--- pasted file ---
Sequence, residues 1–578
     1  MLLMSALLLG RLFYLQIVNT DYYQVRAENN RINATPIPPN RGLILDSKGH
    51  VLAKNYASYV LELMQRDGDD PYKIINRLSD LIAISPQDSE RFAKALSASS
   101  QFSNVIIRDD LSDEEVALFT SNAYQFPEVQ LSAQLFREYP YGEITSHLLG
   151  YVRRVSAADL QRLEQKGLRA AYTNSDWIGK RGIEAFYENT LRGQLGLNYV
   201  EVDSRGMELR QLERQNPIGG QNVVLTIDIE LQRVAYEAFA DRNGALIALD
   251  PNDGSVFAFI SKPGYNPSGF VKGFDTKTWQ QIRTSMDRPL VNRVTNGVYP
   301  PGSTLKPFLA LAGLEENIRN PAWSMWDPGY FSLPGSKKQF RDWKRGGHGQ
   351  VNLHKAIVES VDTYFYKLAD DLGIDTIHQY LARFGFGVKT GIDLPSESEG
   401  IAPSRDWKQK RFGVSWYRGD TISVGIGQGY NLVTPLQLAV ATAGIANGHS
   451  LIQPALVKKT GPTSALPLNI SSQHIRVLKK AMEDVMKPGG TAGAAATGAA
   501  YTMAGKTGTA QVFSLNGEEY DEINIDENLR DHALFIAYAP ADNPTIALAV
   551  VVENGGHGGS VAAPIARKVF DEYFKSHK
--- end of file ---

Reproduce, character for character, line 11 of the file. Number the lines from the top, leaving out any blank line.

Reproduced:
   451  LIQPALVKKT GPTSALPLNI SSQHIRVLKK AMEDVMKPGG TAGAAATGAA